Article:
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Remembering Qued and Phred, the Weirdest Mascots in KQED History

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An illustration showing a little man in a black top hat leading a huge red monster around. on a leash.
Qued, a red dragon-like monster being led by Phred, a guy who looks like the Monopoly man sold his soul to Satan.

If you’re an old-school KQED viewer, you might remember Qued and Phred — the very strange mascots of the now-defunct annual KQED auction. Qued is a mischievous-looking giant red devil creature who walks on all fours and often carries a “sold” sign in his mouth. Phred, who can usually be seen leading Qued on a leash, is what would happen if the Monopoly man had a baby with the Babadook.

For reasons that are fairly unfathomable now, these two “Monster Mash”-looking weirdos were an integral part of mainstream KQED culture between 1960 and 1990. Qued and Phred’s images adorned T-shirts, belt buckles, advertisements and studio backdrops. Now and again, we as a TV channel even made volunteers climb into mascot costumes in Qued and Phred’s likenesses.

“I remember the first time I saw [the Qued costume],” says former auction worker Marianne Fu-Petroni. “It was a real big, human-sized costume. I was like ‘Somebody gets into there?!’ You know, you can’t really keep it clean after so many years…”

A man and woman stand between a table and a lined board with a list of items on it. They are surrounded by random objects including a clock, painting of flowers, carving of an Indigenous person, and full-sized figures of a devil and a man in a top hat.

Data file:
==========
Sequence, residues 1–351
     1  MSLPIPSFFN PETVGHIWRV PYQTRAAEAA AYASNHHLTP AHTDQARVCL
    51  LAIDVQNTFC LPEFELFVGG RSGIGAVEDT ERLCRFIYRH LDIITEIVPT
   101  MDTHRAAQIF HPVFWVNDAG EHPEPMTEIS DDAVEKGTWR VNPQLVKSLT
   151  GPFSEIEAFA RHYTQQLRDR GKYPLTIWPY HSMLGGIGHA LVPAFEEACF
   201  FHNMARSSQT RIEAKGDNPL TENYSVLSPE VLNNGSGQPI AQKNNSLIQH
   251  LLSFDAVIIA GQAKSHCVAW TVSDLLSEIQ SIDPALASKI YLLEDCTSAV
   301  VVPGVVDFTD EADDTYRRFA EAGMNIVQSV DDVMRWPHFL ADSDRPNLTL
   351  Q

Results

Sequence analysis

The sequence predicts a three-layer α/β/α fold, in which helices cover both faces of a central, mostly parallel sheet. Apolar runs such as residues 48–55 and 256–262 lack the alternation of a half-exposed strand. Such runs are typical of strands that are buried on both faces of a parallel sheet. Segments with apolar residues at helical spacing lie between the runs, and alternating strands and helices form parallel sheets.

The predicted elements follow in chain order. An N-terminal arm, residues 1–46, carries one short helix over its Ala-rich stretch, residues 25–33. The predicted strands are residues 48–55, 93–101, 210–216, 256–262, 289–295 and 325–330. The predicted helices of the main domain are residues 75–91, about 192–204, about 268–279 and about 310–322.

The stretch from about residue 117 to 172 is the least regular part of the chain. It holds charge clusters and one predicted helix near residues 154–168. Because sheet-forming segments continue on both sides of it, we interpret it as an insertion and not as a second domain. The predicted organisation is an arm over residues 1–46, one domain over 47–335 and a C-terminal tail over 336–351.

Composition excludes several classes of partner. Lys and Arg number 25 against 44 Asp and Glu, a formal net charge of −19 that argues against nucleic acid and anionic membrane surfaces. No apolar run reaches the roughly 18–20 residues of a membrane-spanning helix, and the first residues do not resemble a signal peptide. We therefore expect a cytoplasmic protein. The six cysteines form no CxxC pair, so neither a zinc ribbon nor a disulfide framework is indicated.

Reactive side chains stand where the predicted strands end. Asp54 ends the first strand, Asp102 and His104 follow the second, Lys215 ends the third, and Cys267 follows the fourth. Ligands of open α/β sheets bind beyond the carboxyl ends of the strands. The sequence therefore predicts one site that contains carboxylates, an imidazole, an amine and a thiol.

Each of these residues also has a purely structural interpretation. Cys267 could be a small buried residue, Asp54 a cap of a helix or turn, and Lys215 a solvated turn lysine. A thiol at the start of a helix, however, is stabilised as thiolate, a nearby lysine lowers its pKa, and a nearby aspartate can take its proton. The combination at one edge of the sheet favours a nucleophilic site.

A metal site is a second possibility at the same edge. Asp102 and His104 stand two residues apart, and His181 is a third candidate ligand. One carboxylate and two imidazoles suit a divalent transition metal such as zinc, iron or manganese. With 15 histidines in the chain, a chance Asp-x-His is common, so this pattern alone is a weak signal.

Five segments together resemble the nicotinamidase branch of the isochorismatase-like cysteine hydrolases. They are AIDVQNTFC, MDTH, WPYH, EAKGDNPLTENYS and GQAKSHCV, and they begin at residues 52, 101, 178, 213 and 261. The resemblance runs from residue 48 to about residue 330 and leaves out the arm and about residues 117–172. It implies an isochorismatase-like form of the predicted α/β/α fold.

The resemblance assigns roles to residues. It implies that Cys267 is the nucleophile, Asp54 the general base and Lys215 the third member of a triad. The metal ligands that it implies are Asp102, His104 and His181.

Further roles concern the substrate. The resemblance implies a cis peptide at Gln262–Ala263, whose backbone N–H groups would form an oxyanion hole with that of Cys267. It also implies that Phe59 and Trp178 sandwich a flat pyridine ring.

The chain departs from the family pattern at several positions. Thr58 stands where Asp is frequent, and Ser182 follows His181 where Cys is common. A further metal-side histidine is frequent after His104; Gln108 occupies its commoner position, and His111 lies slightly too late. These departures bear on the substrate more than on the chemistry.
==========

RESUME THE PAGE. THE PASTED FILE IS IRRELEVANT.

Qued and Phred looming terrifyingly over a KQED auction scene. (KQED Archives)

The design for Qued and Phred arrived in 1960, five years after the first live auction was launched to keep KQED’s lights on. The characters came into being when a volunteer named Frannie Fleishhacker (wife of prominent Bay Area businessman Mortimer Fleishhacker) decided to seek out an eye-catching logo for the auction. Frannie reached out to Oakland advertising company Foster & Kleiser to see if anyone would be willing to create a design, gratis.

A young illustrator named John DeBonis answered the call and took it upon himself to draw “a weird guy — you might even call him villainous — who goes to the auction and brings home something equally weird,” DeBonis later explained. “It seemed like it would be kind of fun. Not too deadly serious.”

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One of the reasons DeBonis’ design was so seemingly out of step with the idea of public media is because he had almost no idea what KQED was. “It was a little peanut of a station in those days,” he told the San Francisco Chronicle in 1971. “We didn’t even have a television set at the time and I had never seen their programs. The initial reaction [to Qued and Phred] at KQED was a pleasant one but I don’t recall that anyone jumped up and down…”

Still, the Qued character garnered a solid following fairly quickly. By the time the Chronicle sat down with DeBonis for that interview, the paper was reporting that, despite Qued having “a slightly lewd expression … it’s impossible not to return his grin.”

Two stuffed toys. One is a white-faced figure with red eyes and grin of fangs, wearing a black suit and top hat. The other is a grinning red devil with pointed tail.
Phred and Qued in stuffy form. These toys were once available to buy at auction — and they didn’t come cheap. (Rae Alexandra)